Friday, April 19, 2013

Fugitive Days by Bill Ayers

We built a bonfire on the Diag at the University of Michigan in Ann Arbor (1968) and hundreds of us –anarchists and street people, radicals and rockers –stayed up singing  and talking. Ron St. Ron appeared in a cloud of smoke and passed around joints the size of Havana cigars. Ron St. Ron wasn’t his real name, of course, but like a lot of young people, including his roommate, Roger Vanilla, he was in transition, and for him the process of reinvention included a rechristening. He’d gone from Ron Sinclair to Ron St. Claire, and now this.

First, he said, I feel like saying my name twice, Ron, Ron, and second, I like the sound of it –Ron St. Ron.  It reminds me of Bond, James Bond./ He paused, took a deep toke, and spoke the rest rapidly in a thin voice at the top of his breath: Plus I want to be a saint someday but I don’t want to wait till I’m dead because there might not be any fucking allowed after you’re dead – who knows? – and not only do I like fucking but I think many, many girls might like the idea of fucking a saint. He exhaled loudly, took another hit and smiled sweetly, his expansive face the color of a delicious apple.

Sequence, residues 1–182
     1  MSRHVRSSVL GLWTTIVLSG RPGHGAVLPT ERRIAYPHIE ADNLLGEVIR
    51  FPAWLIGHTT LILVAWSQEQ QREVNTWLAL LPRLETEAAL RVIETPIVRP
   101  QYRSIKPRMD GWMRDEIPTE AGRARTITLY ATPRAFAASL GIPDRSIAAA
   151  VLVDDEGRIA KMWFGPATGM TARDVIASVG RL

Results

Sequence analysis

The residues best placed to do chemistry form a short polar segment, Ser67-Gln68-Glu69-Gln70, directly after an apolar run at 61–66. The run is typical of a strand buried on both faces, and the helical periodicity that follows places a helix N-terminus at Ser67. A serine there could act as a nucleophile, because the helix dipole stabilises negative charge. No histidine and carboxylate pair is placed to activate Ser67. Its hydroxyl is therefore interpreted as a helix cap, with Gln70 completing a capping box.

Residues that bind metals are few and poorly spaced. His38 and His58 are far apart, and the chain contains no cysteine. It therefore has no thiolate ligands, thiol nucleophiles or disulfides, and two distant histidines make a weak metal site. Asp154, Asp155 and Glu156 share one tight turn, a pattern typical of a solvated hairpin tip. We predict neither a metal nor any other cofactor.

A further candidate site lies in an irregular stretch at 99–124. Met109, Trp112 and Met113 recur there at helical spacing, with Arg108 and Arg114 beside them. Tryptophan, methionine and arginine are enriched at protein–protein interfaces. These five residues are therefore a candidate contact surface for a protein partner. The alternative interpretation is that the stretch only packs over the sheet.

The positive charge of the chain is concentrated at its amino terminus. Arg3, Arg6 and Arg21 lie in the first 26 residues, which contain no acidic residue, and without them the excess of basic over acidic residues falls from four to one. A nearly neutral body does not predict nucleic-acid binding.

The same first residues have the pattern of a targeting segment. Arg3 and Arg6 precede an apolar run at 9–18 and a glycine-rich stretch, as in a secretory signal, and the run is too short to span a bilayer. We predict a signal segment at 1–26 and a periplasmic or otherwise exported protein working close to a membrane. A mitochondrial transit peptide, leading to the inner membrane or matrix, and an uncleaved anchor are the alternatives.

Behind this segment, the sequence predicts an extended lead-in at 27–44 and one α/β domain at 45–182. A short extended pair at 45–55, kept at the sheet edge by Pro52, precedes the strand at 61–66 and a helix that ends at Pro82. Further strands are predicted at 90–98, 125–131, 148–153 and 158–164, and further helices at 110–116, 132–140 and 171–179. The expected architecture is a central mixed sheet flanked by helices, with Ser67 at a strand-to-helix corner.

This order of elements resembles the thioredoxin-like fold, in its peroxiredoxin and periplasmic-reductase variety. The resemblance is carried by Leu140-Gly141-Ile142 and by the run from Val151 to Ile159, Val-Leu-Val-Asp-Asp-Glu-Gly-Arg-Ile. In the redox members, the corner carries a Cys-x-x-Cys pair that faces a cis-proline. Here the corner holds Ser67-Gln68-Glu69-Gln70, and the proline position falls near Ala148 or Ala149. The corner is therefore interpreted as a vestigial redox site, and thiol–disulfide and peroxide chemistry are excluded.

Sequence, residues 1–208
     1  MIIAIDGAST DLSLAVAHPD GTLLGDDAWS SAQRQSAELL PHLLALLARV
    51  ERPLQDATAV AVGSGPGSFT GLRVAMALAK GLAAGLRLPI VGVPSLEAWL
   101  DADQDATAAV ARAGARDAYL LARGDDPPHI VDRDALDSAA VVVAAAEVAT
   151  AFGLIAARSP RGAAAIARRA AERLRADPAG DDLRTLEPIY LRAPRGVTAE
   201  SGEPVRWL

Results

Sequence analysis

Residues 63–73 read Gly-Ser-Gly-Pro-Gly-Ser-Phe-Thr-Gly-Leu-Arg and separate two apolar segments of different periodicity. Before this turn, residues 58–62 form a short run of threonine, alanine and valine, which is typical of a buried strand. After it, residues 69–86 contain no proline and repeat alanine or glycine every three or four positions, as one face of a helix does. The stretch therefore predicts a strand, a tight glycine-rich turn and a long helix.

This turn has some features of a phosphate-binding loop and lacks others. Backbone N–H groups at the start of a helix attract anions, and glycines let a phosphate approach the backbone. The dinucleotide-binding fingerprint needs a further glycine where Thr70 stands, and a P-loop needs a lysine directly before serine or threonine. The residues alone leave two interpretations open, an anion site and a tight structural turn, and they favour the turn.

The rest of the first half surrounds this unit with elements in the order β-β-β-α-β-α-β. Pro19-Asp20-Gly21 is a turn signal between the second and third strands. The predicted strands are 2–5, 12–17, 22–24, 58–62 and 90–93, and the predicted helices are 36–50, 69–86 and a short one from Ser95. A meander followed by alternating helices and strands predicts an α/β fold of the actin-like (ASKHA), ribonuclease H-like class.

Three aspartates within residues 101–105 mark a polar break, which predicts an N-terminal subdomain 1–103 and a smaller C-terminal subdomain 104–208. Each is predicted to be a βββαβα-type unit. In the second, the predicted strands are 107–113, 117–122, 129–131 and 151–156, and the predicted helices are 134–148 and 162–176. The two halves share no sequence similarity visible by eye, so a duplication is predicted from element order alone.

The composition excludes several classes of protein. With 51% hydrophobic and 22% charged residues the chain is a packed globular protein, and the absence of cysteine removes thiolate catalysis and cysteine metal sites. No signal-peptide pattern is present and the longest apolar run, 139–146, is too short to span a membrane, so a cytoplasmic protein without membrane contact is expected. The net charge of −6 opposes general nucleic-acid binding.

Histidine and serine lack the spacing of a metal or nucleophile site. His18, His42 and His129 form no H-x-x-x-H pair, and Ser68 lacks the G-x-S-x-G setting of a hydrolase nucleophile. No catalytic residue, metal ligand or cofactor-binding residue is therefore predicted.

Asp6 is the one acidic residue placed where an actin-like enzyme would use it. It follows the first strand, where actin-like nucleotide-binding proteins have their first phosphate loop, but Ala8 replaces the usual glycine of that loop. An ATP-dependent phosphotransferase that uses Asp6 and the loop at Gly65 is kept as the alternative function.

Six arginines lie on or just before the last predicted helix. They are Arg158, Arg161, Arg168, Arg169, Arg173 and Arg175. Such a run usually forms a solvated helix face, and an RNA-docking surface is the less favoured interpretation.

Ron was our local dealer and he did have many saintly qualities.  He was exclusively a marijuana man, herb of the gods he believed. Whenever he came by to deliver the goods – a dime bag, perhaps, fished from his fragrant backpack – he insisted on giving a free sample to whoever happened to be at home at the time.  With great ceremony he would clean and sift, measure and roll, and finally light the swollen thing up and smile benevolently, encouraging evaluative comments and positive vibes as it orbited the room.  Ron was a generous soul, it’s true – he didn’t mind sharing, and the quality of his dope was always prime.  He lasted less than a year as an independent in the business; when the sharks moved in, Ron was pushed roughly aside.

I tell you, man, he’d say in those innocent early days, his watery eyes simmering with evangelical fire, if enough people were smoking dope, everybody’d be in a better mood.  The big wars would come to an end automatically then, man, but so would all our little squabbles.  He believed it.

Marijuana was available everywhere – every party, every gathering, every meeting. We simply called it dope, because it was the only drug in our world, and while we didn’t think of it as hard or addictive or dangerous, we knew it was illegal and on the edge and that in some other worlds we were considered demonic dope fiends.